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Europe Draws Closer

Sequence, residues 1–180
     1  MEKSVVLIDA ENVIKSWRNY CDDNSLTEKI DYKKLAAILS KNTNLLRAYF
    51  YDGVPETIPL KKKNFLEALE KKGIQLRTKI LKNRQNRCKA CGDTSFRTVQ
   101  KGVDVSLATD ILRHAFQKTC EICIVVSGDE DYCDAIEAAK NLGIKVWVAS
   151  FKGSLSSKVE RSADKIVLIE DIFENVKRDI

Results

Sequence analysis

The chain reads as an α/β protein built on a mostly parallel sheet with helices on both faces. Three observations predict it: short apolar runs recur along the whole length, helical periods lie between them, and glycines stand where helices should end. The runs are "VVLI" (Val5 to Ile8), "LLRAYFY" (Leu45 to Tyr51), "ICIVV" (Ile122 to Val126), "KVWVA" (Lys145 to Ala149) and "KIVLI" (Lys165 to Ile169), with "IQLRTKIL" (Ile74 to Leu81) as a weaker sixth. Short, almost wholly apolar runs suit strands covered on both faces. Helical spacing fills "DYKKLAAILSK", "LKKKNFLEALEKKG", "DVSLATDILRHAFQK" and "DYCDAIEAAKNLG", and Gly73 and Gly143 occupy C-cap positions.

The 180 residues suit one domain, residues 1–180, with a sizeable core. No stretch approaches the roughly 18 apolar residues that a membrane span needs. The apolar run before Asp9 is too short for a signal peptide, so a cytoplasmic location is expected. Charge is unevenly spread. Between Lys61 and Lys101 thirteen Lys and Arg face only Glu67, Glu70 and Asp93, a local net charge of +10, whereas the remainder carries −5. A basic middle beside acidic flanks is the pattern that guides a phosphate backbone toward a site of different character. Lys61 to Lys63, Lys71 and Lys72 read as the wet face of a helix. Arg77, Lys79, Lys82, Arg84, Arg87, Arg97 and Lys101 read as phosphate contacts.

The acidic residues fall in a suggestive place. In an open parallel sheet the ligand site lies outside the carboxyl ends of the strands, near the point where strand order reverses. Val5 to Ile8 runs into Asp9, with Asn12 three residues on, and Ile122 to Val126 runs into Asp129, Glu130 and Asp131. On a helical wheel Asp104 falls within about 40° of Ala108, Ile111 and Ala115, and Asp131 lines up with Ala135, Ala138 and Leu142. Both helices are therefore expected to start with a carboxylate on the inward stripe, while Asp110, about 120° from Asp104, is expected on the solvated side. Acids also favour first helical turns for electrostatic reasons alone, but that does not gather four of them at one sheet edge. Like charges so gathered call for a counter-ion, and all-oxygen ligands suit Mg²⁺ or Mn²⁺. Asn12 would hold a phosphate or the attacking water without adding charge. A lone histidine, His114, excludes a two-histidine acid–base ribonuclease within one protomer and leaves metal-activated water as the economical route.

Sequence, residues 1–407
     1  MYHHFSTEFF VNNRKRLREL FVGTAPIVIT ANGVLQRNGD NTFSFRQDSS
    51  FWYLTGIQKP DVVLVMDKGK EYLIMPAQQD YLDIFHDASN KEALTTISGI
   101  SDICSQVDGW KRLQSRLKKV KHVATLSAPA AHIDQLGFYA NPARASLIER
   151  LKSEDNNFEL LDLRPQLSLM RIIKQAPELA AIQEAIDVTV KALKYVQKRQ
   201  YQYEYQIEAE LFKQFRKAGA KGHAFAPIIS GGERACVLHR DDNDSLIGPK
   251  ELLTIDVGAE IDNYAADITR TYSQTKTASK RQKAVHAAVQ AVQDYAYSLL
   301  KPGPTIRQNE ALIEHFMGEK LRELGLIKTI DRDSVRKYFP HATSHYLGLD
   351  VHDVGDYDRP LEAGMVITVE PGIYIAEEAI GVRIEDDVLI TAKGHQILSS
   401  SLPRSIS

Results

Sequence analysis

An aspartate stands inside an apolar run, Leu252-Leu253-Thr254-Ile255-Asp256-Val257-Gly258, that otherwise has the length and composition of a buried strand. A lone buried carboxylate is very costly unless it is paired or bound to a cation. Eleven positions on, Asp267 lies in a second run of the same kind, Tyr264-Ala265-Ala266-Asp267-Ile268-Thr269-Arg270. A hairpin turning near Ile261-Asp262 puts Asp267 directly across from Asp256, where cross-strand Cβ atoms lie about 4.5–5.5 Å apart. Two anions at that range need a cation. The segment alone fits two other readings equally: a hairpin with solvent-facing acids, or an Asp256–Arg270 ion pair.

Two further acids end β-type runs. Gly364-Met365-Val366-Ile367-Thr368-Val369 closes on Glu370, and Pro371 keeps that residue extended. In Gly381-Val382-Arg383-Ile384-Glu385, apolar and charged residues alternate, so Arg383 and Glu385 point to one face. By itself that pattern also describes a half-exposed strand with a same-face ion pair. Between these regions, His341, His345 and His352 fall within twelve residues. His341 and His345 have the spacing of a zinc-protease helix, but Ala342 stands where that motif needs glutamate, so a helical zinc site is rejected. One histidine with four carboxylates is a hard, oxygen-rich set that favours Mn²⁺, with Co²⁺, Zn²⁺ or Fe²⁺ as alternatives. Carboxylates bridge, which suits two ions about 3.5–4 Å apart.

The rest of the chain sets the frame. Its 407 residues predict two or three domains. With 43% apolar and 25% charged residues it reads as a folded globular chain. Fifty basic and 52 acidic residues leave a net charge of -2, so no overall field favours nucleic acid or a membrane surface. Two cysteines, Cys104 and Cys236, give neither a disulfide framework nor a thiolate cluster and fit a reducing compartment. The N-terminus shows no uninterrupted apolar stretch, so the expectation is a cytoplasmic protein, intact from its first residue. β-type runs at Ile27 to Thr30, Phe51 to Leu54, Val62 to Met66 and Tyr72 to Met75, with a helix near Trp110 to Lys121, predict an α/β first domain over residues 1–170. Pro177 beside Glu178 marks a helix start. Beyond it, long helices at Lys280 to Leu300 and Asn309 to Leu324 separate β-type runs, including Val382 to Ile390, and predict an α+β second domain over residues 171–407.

LOOKED at in the context of the post-World War II era, the developments Dec. 9-10 in the Dutch city of Maastricht may not seem extraordinary. The heads of the 12 members of the European Community approved treaties that will draw more tightly the threads of unity which have been progressively woven through Europe for 40 years. Of themselves, the treaties may not be historically more important than such preceding steps toward unity as the establishment of the European Community itself in 1957.Viewed against the three centuries of modern European history, however, the Maastricht summit stands out as a salient event. During that period, on no patch of the globe has war been waged more frequently and with greater violence than in Western Europe. Further war among its nations is unthinkable after Maastricht. The solidifying of European unity is being analyzed principally in economic terms. To be sure, the creation of a single European market comprising 350 million people on Jan. 1, 1993, and the issuance of a single European currency before the end of the century will have huge implications both for the prosperity of the community and for international trade and finance. Yet the focus on economics shows how far Europe has come since 1945, when it was buried in the rubble of its second great war in 30 years. The current generation of Europeans is the first since the 17th century for whom the predominant foreign-policy issue has not been regional war or peace. That's the true significance of European unity - not only for Europeans, but also for a world that repeatedly was pulled into European conflagrations. Many loose ends remain after Maastricht. Britain, which still treats European unity as a conspiracy to reverse the outcome of the Napoleonic wars, will continue to agonize over a purported loss of "sovereignty" from European integration. Britain's insistence at Maastricht on a right to pick and choose from the menu of unity's benefits looked haughty and fastidious. As a practical matter, Britain can hardly afford to be isolated from a resurgent Europe, as it will acknowledge in time with loss of face. More important is the role of reunited Germany in Europe. Constructive integration of Germany - the region's most powerful and, historically, most aggressive state - into the affairs of its neighbors has been the foremost motivating factor behind European unity. But Germany is likely to throw its weight around in the family in still unforeseeable ways. Maastricht was a large step forward, but European unification is far from complete.

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